Friday, November 30, 2012

Taste of Brazil

I have a confession to make: I love food. Not only do I love food, but I love cooking. Let me count the ways....

1.) I love cooking by the season with locally grown food. Cooking with the seasons is one of my favorite ways to stay in the present moment, and locally grown food always tastes better.
2.) I love all food and cooking recipes from around the world. One of the ways to learn more about a group of people's culture, geography, and history is through their food.
3.) Cooking is one of my favorite ways to de-stress. I find it meditating chopping fresh produce, watching the food simmer on the store, and stirring the medley of flavors.
4.) Cooking allows me to be creative: by using leftover ingredients and experimenting with flavor.
5.) I love creating food because it brings people together: family, friends, co-workers, book-clubs, meet up groups, religious groups and ceremonies. One of the most essential components of community development, in my opinion, is food.
6.) I find immense satisfaction cooking and sharing my food with others. I love the sounds that great food creates: that "heaven in your mouth" expression of which each person has their own version.
 

With all this love for food and cooking, I thought I would open a new avenue by sharing with the Hofstra Community some of my favorite recipes and cooking experiences.

Long Island Cheese Pumpkin
Weeks before, I purchased an edible pumpkin, a Long Island Cheese Pumpkin, from a farmer's stand in Suffolk County. Known by its lighter color and similarities of looking like a cheese rind, the Long Island Cheese Pumpkin, as its name suggests, is a native to Long Island. I bought this pumpkin with the intention of cooking Camarão na Moranga or "Pumpkin stuffed with shrimp"

 I was introduced to Camarão na Moranga while my life-partner and I were visiting a friend on Santa Catarina Island, Brazil in 2009. We were impressed by this uniquely cooked dish, its presentation, and the intense flavor. In 2010, while living in Colorado, another friend from Brazil introduced to me how to make this dish. At that time, we used a Jarrahdale pumpkin variety. I was now excited to try this Long Island Cheese Pumpkin with this dish.

Here is my version of Camarão na Moranga (Serves 4):
  • 1 yellow onion - diced
  • 1 medium-small edible pumpkin --washed and scrubbed well
  • 
    Requeijao cremoso
    3 garlic cloves - pressed
  • 1 tablespoon paprika
  • splash of white cooking wine
  • 3 ripe tomatoes - diced
  • 1 pound uncooked jumbo shrimp -- peeled and de-veined
  • 1 container of requeijao cremoso (found at Mineola Food Market: International supermarket)
  • cilantro for garnish
  • salt and pepper to taste
  • cooked rice (I prefer Basmati, but choose what you like best)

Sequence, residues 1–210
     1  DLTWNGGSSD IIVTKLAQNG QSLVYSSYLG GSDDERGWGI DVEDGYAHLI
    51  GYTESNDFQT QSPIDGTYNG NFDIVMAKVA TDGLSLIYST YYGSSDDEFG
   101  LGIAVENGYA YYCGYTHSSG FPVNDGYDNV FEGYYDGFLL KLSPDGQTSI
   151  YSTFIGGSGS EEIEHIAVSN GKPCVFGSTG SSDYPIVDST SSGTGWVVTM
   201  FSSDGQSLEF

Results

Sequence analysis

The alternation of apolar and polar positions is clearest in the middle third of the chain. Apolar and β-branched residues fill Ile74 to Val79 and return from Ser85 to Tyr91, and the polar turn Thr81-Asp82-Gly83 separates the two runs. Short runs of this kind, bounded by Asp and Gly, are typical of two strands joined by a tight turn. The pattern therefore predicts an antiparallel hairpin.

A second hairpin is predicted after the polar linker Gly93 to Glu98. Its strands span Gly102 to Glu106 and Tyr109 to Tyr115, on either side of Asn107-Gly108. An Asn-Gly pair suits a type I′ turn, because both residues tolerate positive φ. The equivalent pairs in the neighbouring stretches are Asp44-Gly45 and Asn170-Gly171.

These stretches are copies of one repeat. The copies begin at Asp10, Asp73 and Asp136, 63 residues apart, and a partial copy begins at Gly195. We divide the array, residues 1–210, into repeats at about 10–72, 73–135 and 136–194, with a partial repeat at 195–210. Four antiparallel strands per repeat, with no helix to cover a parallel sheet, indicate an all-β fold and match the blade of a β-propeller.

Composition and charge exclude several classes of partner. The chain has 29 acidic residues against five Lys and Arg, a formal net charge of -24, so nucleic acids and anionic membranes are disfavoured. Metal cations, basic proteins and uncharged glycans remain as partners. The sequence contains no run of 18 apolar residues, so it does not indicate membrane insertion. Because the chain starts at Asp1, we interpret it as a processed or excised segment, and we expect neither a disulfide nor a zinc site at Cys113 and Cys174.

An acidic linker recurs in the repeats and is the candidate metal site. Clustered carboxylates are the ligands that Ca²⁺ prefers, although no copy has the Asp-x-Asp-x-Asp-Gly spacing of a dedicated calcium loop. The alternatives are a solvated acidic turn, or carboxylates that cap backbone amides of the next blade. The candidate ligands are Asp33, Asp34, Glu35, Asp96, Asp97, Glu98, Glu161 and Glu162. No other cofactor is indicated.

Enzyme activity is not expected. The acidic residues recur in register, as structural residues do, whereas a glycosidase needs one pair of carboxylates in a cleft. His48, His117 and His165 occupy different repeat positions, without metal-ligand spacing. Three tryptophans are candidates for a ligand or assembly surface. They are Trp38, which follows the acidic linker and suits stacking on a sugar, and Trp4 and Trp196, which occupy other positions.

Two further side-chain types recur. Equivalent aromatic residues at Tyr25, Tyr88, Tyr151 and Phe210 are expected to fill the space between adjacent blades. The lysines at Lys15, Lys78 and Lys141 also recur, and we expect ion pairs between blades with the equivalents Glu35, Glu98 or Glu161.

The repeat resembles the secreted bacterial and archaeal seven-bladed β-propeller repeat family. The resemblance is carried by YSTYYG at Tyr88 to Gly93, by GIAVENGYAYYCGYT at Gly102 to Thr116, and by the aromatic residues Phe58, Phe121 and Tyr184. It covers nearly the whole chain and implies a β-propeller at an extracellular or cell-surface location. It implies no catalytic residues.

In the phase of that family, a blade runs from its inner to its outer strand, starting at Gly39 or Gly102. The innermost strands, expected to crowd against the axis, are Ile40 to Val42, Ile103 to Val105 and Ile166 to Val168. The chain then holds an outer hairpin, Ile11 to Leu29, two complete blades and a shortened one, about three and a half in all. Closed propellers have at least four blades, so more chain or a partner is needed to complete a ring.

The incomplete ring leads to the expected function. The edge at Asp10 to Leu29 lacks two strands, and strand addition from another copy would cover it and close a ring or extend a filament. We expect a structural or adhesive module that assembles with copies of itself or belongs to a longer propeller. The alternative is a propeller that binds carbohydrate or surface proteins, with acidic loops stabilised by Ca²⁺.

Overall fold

Preheat oven to 350 degrees
  
 1. Cut a hole in the top of the pumpkin. Set aside top, and remove all the seeds*. Place the top back on the pumpkin and wrap the pumpkin with aluminum foil; place in a baking dish and put it in the oven to cook for 45 minutes.








2. While the pumpkin is cooking: Heat a saucepan, add oil and onions and saute until transparent. Add the garlic and cook until fragrant. Add the paprika and mix until the onions are coated. Add the splash of white cooking wine and cook until dissolved. Add the chopped tomatoes. Cook until the sauce thickens. Then, add the shrimp, and cook until they turn pink. Mix in the requeijao cremoso.

3. After the pumpkin cooked for 45 minutes, remove the pumpkin from the oven and remove the top (be careful of the steam). Add the shrimp mixture inside the pumpkin. Replace the top. Put the pumpkin back into the oven. Bake for another 20-45 minutes until the pumpkin flesh is soft.

For serving: Take off the pumpkin top. As you are serving, be sure to scoop into the pumpkin flesh. Serve with rice and season as needed with cilantro, salt and pepper.



*Use all parts of the pumpkin:
Wash the pumpkin seeds, coat lightly with oil and your favorite seasonings (like cinnamon and sugar; or chili powder and cayenne pepper, or ginger). Scatter the seeds on a baking sheet and cook until soft in a 350 degree preheated oven.

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What a "tasty" end to a month of diverse, educational and interesting programs. Diversity Awareness Month was indeed a success and we are thankful to the Hofstra community for supporting these programs.

Check out our next program: Flavors of our Neighborhood, on Friday, December 7, where we will explore the cuisine of Haiti. Space is limited: sign up in advance at the Multicultural and International Student Programs Office: 242 Student Center.

1 comment:

  1. Nice information. I was searching for the same. It helped me alot and saved my time. Thanks alot. upma recipe

    ReplyDelete